Anaerobic digestion (AD) plants are growing in popularity in the UK, with farmers in particular finding the technology beneficial.
With more and more people considering establishing such plants to convert biodegradable material into fuel, the Anaerobic Digestion & Bioresources Association (ADBA) has released an update to its guidance – The Practical Guide to AD.
The ADBA guide is essential reading if you’re going to be operating this kind of energy producing plant, as it covers everything from the production process for biofuels to the relevant regulations you need to be aware of and the training you’ll require.
Charlotte Morton, ADBA chief executive, explained that this guide is there to help individuals and businesses deliver successful AD projects, thereby “building on this mature, thriving industry that contributes so much in terms of decarbonisation, energy and food security, and restoring the UK’s soils”.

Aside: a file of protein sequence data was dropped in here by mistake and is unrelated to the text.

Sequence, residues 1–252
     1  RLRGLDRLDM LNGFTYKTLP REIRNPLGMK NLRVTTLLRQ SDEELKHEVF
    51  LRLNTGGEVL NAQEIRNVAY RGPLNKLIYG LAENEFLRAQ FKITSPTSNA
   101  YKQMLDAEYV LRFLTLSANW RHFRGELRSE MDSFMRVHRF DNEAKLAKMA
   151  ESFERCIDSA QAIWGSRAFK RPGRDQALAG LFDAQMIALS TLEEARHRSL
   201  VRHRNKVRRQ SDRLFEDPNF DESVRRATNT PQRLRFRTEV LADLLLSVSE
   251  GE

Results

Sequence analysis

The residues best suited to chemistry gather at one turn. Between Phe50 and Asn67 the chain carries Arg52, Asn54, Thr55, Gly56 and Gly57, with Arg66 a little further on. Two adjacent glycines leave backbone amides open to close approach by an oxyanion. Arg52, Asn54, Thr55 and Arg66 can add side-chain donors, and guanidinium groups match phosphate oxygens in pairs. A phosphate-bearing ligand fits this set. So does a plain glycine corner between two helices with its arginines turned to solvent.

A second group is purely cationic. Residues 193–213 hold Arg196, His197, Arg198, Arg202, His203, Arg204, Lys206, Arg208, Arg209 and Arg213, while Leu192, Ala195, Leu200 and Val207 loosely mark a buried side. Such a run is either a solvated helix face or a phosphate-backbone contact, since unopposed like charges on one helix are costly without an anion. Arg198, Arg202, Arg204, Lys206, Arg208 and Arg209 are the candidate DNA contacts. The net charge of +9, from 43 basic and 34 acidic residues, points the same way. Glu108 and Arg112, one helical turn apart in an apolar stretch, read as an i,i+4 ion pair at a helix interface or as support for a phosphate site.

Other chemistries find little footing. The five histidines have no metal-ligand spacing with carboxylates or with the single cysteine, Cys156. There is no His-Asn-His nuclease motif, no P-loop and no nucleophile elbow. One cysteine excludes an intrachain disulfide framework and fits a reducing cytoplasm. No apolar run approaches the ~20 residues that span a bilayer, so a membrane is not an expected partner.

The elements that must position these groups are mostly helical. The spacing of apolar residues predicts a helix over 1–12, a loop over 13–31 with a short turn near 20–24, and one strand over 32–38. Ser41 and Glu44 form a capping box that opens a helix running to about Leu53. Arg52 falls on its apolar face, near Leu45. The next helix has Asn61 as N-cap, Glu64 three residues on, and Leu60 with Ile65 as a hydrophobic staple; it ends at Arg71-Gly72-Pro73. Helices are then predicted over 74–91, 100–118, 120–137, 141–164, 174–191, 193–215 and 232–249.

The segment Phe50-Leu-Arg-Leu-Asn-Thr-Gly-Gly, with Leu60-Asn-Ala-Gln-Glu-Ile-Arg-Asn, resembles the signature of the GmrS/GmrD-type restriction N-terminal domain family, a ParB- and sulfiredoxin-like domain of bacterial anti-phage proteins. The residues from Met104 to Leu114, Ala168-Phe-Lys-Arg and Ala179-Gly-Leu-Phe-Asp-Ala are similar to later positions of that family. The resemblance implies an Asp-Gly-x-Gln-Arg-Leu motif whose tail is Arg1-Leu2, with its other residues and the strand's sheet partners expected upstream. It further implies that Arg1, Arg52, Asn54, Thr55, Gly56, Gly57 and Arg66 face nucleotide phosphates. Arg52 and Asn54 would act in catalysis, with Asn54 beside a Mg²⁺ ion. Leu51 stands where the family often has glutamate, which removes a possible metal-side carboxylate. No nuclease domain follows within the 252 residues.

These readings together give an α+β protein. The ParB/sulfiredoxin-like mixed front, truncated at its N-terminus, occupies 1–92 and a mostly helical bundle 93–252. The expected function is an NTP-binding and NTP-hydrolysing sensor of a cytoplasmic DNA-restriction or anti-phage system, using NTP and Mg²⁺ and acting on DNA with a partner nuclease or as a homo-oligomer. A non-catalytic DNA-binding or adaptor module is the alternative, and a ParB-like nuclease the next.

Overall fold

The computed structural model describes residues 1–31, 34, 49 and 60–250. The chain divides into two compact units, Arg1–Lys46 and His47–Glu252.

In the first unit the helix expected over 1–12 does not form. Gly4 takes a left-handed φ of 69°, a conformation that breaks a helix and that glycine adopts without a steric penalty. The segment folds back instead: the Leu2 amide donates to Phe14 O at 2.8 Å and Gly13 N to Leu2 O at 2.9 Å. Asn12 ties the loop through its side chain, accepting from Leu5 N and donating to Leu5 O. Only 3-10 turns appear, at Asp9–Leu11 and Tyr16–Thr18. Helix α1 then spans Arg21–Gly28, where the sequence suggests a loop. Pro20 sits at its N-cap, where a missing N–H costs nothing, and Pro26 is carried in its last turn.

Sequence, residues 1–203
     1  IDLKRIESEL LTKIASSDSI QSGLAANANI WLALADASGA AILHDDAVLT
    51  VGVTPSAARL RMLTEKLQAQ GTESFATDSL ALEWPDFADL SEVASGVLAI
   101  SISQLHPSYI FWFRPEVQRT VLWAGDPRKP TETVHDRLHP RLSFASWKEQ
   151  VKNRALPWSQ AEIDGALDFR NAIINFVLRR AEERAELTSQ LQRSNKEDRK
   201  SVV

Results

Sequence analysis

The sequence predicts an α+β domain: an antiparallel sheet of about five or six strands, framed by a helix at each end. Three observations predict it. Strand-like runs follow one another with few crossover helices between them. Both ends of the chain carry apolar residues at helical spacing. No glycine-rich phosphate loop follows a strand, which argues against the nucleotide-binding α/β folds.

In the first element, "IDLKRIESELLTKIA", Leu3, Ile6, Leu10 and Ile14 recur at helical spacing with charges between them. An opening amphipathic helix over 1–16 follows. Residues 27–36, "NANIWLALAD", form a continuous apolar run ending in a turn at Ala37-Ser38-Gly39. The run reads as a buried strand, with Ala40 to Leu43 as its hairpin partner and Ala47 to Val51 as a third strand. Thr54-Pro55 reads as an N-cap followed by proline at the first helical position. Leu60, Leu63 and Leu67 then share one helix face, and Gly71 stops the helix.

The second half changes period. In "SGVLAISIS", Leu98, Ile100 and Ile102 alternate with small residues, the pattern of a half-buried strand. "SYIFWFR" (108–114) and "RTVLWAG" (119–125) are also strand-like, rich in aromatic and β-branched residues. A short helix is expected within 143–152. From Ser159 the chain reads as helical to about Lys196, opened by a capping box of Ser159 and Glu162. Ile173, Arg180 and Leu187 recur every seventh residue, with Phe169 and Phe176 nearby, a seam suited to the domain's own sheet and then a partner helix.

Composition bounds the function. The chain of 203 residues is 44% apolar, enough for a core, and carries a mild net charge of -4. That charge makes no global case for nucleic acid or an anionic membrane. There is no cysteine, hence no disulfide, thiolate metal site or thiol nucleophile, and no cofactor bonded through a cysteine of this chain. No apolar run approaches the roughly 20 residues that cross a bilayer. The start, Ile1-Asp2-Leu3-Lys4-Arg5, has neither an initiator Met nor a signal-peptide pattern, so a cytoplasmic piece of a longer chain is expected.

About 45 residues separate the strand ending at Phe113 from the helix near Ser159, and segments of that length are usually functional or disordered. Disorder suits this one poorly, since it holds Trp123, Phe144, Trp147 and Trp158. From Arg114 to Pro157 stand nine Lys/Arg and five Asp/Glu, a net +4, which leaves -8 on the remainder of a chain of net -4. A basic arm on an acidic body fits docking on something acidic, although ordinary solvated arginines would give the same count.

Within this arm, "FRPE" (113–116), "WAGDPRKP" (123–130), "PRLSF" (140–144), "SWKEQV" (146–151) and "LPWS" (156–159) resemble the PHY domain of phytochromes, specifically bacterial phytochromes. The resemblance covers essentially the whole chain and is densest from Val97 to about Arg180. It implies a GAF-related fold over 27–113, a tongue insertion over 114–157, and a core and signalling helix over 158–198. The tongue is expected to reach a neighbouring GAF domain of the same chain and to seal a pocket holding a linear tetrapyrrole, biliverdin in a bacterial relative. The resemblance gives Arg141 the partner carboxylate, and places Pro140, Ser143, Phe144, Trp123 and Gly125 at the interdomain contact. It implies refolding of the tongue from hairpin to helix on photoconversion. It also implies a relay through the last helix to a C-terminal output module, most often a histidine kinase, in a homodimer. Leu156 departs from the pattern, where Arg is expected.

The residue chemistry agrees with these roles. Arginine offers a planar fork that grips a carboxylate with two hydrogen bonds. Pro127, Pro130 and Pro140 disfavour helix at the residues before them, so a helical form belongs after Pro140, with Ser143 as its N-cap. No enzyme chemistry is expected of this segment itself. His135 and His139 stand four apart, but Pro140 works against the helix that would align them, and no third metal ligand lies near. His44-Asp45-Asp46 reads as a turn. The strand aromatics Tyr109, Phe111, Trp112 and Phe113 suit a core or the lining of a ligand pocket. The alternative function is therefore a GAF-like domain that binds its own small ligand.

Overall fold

Given the readily available material for AD and the fact that they typically have enough land to construct this kind of plant, farmers are increasingly choosing to go down this route.
AgriLand recently reported that farmers in Northern Ireland have really embraced the technology, with 103 AD sites either under construction or already approved in the country.
Once they are up and running they will be capable of processing 1.4 million tonnes of feedstock each year, although the publication noted that not all of those that have received planning consent will be built.
Anaerobic digestion may be something farmers in England also want to consider, if they are looking for ways of introducing more renewable energy to Cumbria.